A review of data from 22 studies found women who had a stroke had poorer outcomes, more limitations on activity and worse health-related quality of life, compared with men, researchers reported in the journal Stroke. Cognitive impairment did not seem to be worse among women than men.
Researchers evaluated CMS claims data on more than 15 million older patients with diabetes with and without malnutrition and found that those with malnutrition were at an increased risk of dying from acute myocardial infarction, chronic kidney disease, chronic obstructive pulmonary disorder, heart failure, ischemic heart disease and stroke or transient ischemic attack than those without malnutrition. The findings in the BMJ Open Diabetes Research & Care also revealed that median survival times for adults with malnutrition was 2.38 years, compared with 5.08 years among older adults without nutrition deficiencies.
The American Academy of Pediatrics issued an updated pediatric vaccination schedule in Pediatrics that includes an optional third dose of measles, mumps and rubella vaccine during a mumps outbreak for at-risk youths as well as a recommendation that adolescents ages 11 to 12 and those older than 15 should receive two and three human papillomavirus vaccine doses, respectively. The schedule also includes changes in the catch-up doses for those who began late or are more than a month behind in immunizations.
An America's Health Insurance Plans study of employer-sponsored health plan claims data from 2009 to 2013 found that 25% of initial opioid prescriptions surpassed the CDC's recommended dosage, while 57% of prescriptions for acute pain exceeded the recommended duration of three days. The study also found that only 1% of patients received a urine drug test before getting an opioid prescription, and more than 40% of patients with chronic pain were prescribed both an opioid and benzodiazepine, which the CDC does not recommend.
A study in Pharmacoepidemiology & Drug Safety found around 15% of adults using nonsteroidal anti-inflammatory drugs were taking the drugs at a higher daily dose than the maximum recommended dose, raising their risk for heart attacks, internal bleeding and other serious side effects. The findings, based on 1,326 ibuprofen users who completed an online daily medication diary for a week, showed 16% used ibuprofen daily, 55% took the drug at least three days a week and 37% used at least one other nonsteroidal anti-inflammatory drug during the week.
A study published in the CDC's Morbidity and Mortality Weekly Report found that African-Americans with HIV infections are less likely to receive life-saving treatment, with less than 41% attaining sustained viral suppression compared with 56% of whites and 50% of Hispanics. The study was based on 2014 surveillance data involving over 650,000 people with HIV infections in 37 states and the District of Columbia.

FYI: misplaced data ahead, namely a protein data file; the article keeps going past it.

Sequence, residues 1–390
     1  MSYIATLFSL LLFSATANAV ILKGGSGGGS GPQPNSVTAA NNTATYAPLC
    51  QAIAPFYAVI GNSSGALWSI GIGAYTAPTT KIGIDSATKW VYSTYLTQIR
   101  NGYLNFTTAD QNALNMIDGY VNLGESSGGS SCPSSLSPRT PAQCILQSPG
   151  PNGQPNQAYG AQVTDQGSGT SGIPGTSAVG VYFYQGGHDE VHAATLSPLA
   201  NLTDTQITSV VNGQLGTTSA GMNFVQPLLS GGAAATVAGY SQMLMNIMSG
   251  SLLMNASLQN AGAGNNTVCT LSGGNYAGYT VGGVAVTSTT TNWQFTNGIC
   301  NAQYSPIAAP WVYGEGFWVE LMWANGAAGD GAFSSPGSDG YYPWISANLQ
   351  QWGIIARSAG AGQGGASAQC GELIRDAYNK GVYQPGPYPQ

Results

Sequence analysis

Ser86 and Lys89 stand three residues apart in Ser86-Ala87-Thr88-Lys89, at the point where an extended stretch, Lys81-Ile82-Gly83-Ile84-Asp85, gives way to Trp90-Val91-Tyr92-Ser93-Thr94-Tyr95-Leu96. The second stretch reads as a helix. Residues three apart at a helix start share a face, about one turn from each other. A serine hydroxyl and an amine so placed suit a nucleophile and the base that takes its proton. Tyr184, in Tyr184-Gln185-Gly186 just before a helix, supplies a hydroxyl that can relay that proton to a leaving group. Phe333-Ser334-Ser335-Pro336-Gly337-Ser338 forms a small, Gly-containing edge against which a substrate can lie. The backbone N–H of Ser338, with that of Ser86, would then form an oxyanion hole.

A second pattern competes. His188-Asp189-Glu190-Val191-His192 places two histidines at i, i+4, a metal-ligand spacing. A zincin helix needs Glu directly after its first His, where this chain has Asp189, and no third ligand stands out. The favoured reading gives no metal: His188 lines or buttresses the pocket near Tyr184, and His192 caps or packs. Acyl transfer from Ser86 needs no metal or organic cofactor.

The proportion of medical spending attributed to obesity-related illness in adults in the US rose from 6.13% in 2001 to 7.91% in 2015 and varied from state to state, researchers reported in the journal Clinical Chemistry. Obesity-related illnesses accounted for 5% to 6% of total medical expenditures in Arizona, California, Florida and New York, and more than 12% in North Carolina, Ohio and Wisconsin, the researchers reported.
President Donald Trump signed a two-year agreement passed by Congress early this morning that provides funding for the federal government through March 23, ending a short government shutdown triggered when the midnight deadline passed. The legislation provides money to combat the opioid crisis and further extend funding for the Children's Health Insurance Program.
Nearly 11.8 million people enrolled in Affordable Care Act health insurance plans in 2018, according to an Associated Press count, 3% fewer than last year. The Trump administration, which has worked to repeal the law, did not comment on the figures and said it will release an official tally next month.
FDA Commissioner Scott Gottlieb says agency staff is working with health care providers and the patient community to craft an opioid-drug policy that does not restrict access by patients with a legitimate need for the drugs while discouraging inappropriate prescribing and use. He also said the FDA will soon release a "comprehensive plan to promote competition and availability of biosimilars," and he noted that a staffing shortage might slow progress on other initiatives.
The AANP annual election will open on March 15. To give AANP members time to review the qualifications of the candidates who will be on the 2018 ballot, the slate is now posted. Please take time to review the information provided. Although the slate is closed for 2018, this is also a good time to think about the organization and how you might be able to contribute by running for elected office in the future. The election opens on March 15 and closes at 11:59 p.m. Pacific Time on March 31. AANP members who are eligible to vote in this election will be notified electronically when the ballot opens. Thank you for participating in this very important process.